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National Road Inns & Taverns

Inns and taverns are the most celebrated commercial property types from the heyday of the National Road. They reflect the extraordinary historical development of the road as a route for immigration and commerce in Ohio during the early 19th century, when travel was slow and arduous—by horse, wagon, carriage or stagecoach over a rough and unpredictable road.

An inn or tavern was typically located about every 10 miles or so—about one day’s travel by horse and wagon. Wagon stands or drovers’ inns were typically located on the outskirts of towns where there was ample space to house the draft animals in a pasture or corral. Often a barn or stable was associated with the inn. Taverns or inns where the stage horses were kept and the stagecoach passengers slept and ate were sometimes called “stage houses.”

Large numbers of inns and taverns existed along the National Road in its heyday; but less than 40 remain today. These buildings remain in use as museums, restaurants, commercial businesses, and private homes. Many are well preserved and cared for, while others are less so. The city of Whitehall, was named after a National Road tavern: Ye Olde White Hall Tavern.

Red Brick TavernRed Brick Tavern in Lafayette, Madison County was established in 1837 and is still used as a restaurant. The Red Brick Tavern is a good example of this historic building type along the National Road Scenic Byway. Even though they served a commercial purpose, early inns and taverns appear more residential than commercial. Typical is a gable-roofed, two-story main block that is set with its long side to the street. Chimneys are placed at each end or in the center, reflecting the location of fireplaces that were essential to heating and cooking. The front or facade usually has regularly spaced window openings on both first and second floors. Most common are five bays (or windows and doors) with the entry door at the center. The entry may be no wider than the door itself, or it may have a more elaborate surround. Front porches were sometimes added later, but most early 1800s inns and taverns did not have them originally. Additions often were made to enlarge the most successful of the inns, typically through a rear “ell” that would join the main building at a 90-degree angle. Located in London Ohio: 1700 Cumberland St. (US 40) London, OH 43140 (800) 343-6118 (740) 852-1474.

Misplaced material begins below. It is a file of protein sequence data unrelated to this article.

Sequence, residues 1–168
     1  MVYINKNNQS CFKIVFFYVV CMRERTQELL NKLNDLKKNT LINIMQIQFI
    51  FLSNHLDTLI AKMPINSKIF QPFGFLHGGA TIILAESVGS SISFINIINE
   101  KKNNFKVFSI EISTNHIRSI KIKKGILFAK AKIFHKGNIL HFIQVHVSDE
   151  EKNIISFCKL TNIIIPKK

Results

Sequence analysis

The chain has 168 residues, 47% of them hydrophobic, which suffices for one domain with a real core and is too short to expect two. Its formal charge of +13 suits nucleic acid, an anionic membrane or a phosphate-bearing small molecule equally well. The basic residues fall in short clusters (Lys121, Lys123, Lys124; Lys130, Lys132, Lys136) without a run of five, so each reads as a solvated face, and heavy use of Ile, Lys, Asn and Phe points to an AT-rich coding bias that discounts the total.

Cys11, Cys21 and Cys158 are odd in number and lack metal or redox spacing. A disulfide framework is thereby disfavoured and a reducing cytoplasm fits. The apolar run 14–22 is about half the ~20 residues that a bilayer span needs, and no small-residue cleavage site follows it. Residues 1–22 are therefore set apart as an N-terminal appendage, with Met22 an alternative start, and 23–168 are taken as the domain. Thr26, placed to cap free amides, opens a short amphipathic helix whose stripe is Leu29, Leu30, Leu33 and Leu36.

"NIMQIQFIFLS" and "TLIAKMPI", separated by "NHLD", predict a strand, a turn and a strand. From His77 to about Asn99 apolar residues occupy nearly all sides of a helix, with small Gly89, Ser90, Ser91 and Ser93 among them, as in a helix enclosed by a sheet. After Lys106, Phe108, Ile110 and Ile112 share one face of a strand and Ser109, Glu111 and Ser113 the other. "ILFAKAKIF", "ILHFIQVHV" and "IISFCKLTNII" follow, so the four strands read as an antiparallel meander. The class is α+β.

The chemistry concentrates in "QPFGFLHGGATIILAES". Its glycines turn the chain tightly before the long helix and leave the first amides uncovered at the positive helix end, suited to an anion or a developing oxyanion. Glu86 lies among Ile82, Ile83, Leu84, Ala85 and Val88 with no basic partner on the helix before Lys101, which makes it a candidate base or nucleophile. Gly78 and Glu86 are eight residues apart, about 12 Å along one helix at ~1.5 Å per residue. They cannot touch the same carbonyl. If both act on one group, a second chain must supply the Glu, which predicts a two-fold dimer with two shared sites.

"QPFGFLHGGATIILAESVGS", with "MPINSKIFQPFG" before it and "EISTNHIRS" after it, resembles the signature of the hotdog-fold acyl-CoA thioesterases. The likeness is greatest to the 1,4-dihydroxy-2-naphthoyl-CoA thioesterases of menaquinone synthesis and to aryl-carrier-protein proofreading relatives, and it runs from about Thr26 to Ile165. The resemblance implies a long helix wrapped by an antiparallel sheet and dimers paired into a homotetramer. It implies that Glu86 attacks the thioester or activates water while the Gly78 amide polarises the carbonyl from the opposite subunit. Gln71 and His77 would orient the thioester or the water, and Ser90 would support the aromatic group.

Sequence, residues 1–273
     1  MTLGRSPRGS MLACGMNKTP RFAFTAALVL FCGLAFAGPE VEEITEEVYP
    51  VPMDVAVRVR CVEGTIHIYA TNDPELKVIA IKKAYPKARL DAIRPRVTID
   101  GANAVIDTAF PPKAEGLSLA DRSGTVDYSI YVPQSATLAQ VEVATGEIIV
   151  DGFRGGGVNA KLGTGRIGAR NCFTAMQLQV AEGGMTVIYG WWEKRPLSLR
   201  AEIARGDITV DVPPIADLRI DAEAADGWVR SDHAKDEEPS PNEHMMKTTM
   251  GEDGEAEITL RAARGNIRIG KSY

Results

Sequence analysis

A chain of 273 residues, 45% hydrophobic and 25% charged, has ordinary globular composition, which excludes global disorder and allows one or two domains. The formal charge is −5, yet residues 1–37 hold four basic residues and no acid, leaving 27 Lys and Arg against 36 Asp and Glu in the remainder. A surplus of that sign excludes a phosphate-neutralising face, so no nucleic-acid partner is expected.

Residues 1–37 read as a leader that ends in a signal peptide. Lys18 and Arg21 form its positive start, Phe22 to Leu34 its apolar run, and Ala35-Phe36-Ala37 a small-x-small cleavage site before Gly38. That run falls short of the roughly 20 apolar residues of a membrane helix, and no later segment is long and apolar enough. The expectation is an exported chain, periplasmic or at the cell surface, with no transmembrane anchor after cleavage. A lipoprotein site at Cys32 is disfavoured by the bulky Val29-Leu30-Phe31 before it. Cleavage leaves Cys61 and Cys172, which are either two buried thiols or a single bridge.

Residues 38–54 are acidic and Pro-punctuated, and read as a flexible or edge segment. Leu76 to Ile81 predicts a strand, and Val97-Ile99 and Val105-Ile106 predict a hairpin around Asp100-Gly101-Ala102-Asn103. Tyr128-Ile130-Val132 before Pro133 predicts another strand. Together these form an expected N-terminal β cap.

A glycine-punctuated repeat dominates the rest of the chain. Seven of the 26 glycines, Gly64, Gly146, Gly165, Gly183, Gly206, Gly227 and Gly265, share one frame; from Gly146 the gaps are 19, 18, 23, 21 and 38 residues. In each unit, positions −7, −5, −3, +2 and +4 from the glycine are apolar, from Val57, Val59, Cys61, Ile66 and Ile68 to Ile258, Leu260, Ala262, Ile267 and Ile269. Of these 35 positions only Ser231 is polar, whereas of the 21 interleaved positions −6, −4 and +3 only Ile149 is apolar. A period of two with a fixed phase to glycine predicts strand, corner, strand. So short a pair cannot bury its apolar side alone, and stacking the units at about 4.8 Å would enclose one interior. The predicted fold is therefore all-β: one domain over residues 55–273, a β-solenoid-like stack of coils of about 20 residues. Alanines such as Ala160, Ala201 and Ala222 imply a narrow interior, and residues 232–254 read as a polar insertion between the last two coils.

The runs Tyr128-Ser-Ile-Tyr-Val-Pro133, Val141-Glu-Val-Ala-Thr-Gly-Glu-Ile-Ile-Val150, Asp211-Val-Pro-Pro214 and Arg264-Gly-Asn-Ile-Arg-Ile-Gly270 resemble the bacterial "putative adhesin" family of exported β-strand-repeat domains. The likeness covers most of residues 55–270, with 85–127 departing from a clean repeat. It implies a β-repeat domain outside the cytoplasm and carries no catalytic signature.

Pennsylvania House

Pennsylvania House stands today much as it did a century and a half ago with its 4 porches and 23 rooms. Some of the rooms have been furnished as they would have been in the early periods of the America expansion. Still others have artifacts and exhibitions giving the visitor a look into everyday life along the National Road. A guest can see a doctors office as well as a room for drovers bedding down for the night. There is also a gift shop and general store for the shopper in the family.

Located just west of downtown Springfield: 1311 West Main Street Springfield, Ohio 45504

Headley Inn

The Headley Inn is a solid stone building, restored with historic detail including blown glass windows, hand-stenciled baseboards from 1830, 6 fireplaces. A modern addition blends perfectly with historic building and provides all the comforts of modern living. The Inn is currently fully furnished with period antiques.

Located west of Zanesville: 5345 West Pike, Zanesville Ohio 43701

Other taverns and inns along the pike include: Black Horse Inn, Smith House, and the White Swan Tavern.